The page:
Editor’s Note: This is a guest post from MSTA’s Staff Attorney, Kyle Farmer.
Protests, rallies and marches, while seemingly constant in today’s political climate, are not a new concept. These forms of social activism have a long and storied place in the history of the United States. That being said, there are some things to consider before marking up your most clever sign and heading downtown to join your fellow marchers.
Let’s start with your rights under the US Constitution. The First Amendment to the Bill of Rights offers many protections including the assurance there is no abridging the right of free speech nor interfering with the right to peaceful assembly. Both of those statements guarantee your right to join a peaceful protest or march espousing your social and/or political views.
In general, a school district cannot terminate an employee for speech protected by the First Amendment assuming the speech is regarding a matter of public concern, does not prevent the district from efficiently providing services and was not made pursuant to your official duties.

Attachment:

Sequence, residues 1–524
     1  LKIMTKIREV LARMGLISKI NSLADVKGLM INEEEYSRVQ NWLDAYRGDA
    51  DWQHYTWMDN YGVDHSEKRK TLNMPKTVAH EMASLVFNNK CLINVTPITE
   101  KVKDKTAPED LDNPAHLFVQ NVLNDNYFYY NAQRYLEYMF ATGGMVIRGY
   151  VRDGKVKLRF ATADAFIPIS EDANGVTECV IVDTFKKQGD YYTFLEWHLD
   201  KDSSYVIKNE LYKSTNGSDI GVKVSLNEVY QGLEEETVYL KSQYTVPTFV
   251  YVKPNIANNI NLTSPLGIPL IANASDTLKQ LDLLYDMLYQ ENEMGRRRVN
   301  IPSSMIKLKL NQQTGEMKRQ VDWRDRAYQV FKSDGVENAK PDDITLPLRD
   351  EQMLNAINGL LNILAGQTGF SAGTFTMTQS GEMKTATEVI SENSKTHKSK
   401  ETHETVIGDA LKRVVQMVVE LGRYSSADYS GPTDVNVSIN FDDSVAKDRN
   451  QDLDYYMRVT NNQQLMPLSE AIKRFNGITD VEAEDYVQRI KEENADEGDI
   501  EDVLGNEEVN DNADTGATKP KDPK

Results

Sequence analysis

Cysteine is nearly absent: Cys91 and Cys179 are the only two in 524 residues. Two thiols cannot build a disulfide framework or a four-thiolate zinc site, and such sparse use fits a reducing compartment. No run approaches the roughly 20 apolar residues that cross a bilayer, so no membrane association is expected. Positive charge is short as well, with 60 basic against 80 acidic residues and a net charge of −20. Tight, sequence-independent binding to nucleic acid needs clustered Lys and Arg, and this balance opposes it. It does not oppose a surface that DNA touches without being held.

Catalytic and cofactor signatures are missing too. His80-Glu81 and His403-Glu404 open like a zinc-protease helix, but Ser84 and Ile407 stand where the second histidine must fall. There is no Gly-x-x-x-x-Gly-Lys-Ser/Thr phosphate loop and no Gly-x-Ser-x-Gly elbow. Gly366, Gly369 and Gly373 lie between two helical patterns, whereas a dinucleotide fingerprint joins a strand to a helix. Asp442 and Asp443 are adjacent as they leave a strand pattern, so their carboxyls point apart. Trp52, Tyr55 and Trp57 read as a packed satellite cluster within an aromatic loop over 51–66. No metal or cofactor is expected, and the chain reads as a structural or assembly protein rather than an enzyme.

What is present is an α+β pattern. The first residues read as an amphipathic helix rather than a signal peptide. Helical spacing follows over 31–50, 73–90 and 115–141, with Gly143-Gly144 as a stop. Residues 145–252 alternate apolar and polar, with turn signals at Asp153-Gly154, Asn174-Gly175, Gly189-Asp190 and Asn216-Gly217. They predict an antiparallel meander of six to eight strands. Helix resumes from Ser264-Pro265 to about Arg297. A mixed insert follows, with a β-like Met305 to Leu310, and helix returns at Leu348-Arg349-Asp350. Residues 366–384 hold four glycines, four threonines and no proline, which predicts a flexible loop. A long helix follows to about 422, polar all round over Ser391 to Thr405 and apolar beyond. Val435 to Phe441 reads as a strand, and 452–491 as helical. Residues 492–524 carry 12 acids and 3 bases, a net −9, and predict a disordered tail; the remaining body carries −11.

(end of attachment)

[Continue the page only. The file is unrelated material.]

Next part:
Beyond the protections of the First Amendment, we must also analyze the rights and responsibilities set out in the Missouri Teacher Tenure Act.
Most importantly, we must consider the district’s ability to terminate a teacher for “immoral conduct.” While there is no bright-line definition of immoral conduct, courts have repeatedly found that immoral conduct must be shown to have an effect on the teacher’s ability to do his or her job. In that context, participation in a peaceful protest, rally or march would most likely not rise to the level of immoral conduct. Exceptions would be rallies promoting illegal activity or hate speech.
All of the discussion to this point presumes participation in a peaceful, legal assembly. District employees participating in illegal or lewd activity as a part of a protest, rally or march would not be protected by the First Amendment nor the Teacher Tenure Act. For example, participation in some of the violent and destructive protests we witnessed in Ferguson in 2014 could lead to termination under the law.
If you have any questions or concerns, please contact MSTA’s Legal Services department at 866-343-6186 or firstname.lastname@example.org.